When it comes right down to it, there are not a whole lot of reasons why a life insurance company can deny a claim. Some of the more common reasons include material misrepresentations in the policy application, a death that falls within one of the policy exclusions, or a lapse in the policy due to nonpayment by the policyholder. Just because a life insurance company denies the claim for one of these reasons, however, does not mean that the claim denial is legitimate.
Even in cases where a life insurance policy has lapsed due to nonpayment by the policyholder, the insurance company is sometimes at fault. In those instances, they may still be obligated to pay out on a claim submitted by a policy beneficiary. That's why it is so important to contact an attorney specializing in the wrongful denial of life insurance claims anytime an insurance company issues a claim denial that doesn't seem fair or right.
This article explorers one recent case where a life insurance company failed to pay a claim based on the policyholder’s alleged nonpayment of premiums. What is particularly tricky about denials received on this basis, is that the beneficiary often has no information regarding the deceased policyholder’s bill paying practices. In other words, they have no way of knowing whether their loved one paid her premiums or not. This case presents a perfect example of that situation.
A life insurance policy obtained out of pure love
The case involved an older woman named Agnes. Although Agnes lived to be in her 90s, she had spent the majority of her life as a single woman. Her only husband, Tom, passed away when the couple was in their thirties. Agnes never remarried, nor did she have any children. One of the greatest joys of her life, however, was her niece , Vicki. Even though Agnes and Vicki lived thousands of miles apart, Agnes was always thrilled to get a chance to talk to her niece.
Back when Agnes was in her 60s, she began paying premiums on a life insurance policy. She didn't really need the policy since she did not have a spouse or any children to support. Nonetheless, she wanted to come up with a way to leave something for her beloved niece when she died. Consequently, Agnes faithfully paid premiums on that policy for over three decades. Through the years, she proudly reminded Vicki that she would receive the policy benefit when Agnes passed.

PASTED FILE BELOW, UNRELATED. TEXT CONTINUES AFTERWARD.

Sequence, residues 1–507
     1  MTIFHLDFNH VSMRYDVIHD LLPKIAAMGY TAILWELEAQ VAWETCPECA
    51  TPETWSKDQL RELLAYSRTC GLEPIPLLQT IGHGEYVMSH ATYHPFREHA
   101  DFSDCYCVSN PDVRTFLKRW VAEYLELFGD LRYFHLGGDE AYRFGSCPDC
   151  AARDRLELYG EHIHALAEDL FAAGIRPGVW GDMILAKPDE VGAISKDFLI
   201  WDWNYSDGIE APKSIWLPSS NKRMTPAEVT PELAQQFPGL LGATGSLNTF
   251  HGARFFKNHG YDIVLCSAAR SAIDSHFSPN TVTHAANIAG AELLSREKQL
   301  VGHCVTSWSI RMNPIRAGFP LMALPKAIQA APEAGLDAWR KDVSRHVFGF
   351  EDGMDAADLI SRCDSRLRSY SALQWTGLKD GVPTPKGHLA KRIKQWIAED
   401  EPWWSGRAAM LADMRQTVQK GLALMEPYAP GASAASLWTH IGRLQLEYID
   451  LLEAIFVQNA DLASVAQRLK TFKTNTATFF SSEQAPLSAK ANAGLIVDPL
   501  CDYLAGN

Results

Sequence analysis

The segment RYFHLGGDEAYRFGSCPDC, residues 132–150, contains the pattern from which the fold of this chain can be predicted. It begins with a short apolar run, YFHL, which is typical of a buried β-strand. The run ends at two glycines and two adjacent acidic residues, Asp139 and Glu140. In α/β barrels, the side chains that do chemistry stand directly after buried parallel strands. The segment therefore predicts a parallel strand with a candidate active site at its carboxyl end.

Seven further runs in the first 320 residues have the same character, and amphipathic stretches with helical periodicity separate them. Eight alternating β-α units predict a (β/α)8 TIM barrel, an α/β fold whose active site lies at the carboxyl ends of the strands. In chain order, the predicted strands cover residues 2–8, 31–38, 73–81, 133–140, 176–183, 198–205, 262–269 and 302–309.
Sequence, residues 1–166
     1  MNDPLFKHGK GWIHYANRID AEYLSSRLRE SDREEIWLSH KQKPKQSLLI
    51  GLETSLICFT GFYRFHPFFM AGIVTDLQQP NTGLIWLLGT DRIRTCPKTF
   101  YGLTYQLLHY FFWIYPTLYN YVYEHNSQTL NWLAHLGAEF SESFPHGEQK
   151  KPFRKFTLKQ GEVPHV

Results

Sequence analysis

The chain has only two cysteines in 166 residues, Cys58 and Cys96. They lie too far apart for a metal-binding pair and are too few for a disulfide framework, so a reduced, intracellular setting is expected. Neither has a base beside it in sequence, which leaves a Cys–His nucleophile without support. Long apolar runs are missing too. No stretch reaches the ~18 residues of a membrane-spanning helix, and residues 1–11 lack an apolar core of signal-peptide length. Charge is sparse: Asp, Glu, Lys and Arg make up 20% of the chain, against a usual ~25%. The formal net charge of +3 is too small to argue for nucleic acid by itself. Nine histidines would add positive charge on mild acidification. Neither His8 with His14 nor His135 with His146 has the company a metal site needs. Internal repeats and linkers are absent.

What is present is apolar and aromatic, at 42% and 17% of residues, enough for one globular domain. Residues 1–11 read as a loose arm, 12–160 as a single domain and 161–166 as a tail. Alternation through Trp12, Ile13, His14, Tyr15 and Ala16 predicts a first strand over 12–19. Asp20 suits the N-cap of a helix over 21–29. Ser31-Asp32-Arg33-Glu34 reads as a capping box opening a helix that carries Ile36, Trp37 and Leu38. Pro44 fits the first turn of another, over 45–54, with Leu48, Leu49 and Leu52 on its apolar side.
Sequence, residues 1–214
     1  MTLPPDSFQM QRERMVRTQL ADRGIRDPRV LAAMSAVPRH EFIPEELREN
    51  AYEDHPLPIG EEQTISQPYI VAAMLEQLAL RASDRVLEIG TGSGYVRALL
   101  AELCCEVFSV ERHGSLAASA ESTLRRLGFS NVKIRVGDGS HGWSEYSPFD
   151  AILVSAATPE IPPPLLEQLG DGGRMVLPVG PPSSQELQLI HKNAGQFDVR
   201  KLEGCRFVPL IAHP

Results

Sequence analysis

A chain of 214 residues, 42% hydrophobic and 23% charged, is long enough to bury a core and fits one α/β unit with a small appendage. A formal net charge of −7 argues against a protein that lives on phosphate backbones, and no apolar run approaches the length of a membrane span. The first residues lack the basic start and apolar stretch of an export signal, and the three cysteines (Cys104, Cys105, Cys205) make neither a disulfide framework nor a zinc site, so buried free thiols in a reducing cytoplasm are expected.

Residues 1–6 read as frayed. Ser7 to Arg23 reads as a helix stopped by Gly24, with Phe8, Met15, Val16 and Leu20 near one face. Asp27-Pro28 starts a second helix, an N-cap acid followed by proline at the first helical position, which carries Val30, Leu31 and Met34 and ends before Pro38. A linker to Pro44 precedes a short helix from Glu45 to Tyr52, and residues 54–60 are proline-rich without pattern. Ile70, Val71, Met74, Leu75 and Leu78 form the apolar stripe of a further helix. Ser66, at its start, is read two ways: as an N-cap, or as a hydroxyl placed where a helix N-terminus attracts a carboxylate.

Eight months before Agnes died, she was forced to move to a nursing home. When she arrived there, one of the social workers helped Agnes with putting her affairs in order. One of the things they did together was notify various people and companies that Agnes had a new address at the nursing home. In fact, they sent an address change notification card to Agnes’ life insurance company.
Sadly, Agnes spent the last several months of her life in a coma. As such, she was unable to diligently attend to her own affairs as she had done throughout her lifetime. To complicate matters, while the life insurance company had received Agnes is notice of new address, the address was entered into the company's system incorrectly. Specifically, instead of listing the address of the nursing home as being in Toledo, Oregon, the insurer listed her address as being in Toledo, Ohio.
A true policy lapse?
While Agnes was in the coma there was no one to pay her bills for her. Consequently, her life insurance policy premiums, which she had paid regularly for over 30 years, went unpaid. As the insurance company is required to do by law, it sent notices of nonpayment to Agnes. Unfortunately, those notices went to an address in Ohio when they should have been delivered to the address in Oregon. In other words, no one who could be of any use to Agnes ever received the notice of nonpayment.
After Agnes passed away, Vicki made a claim for benefits under the old woman's life insurance policy. She was surprised when she received a claim denial letter in the mail a few weeks later. The letter claimed that her aunt had stopped paying premiums, was notified of the nonpayment, failed to catch up on her payments, and therefore the policy was cancelled.
Given that Vicki lived thousands of miles away from her aunt, she had no way of knowing whether the woman had paid the premiums or not. She did know that the insurance policy had been a true point of pride for her aunt and she would have been surprised if she intentionally stopped paying. On a whim, Vicki decided to contact a lawyer specializing in the wrongful denial of life insurance claims to see if he could make any sense of the situation.
The attorney contacted the life insurance company and quickly determined what had happened with the mistaken address in the company’s computer system. Had they input the address correctly, there's a good chance the social worker at the nursing home would have received the notices of nonpayment and made provisions to get the premiums paid.
The attorney next sent a letter reminding the insurance company just how bad it would look for them to refuse payout on the policy of a 90 year-old woman who had faithfully paid premiums to their organization for over 30 years. This was especially true given that the nonpayment happened through no fault of her own.
The insurance company couldn’t deny the P.R. nightmare the situation could have created. Within a matter of weeks, the it overturned its claim denial decision and paid Vicki the money she was owed under her aunt’s policy. Vicki could have very easily decided to give up on her life insurance claim. Fortunately for everyone, she did not.Just because you may have received a claim denial letter in the mail does not mean that you are not entitled to the life insurance proceeds your loved one intended for you. If you want help sorting it all out, please call our firm today. We are happy to help.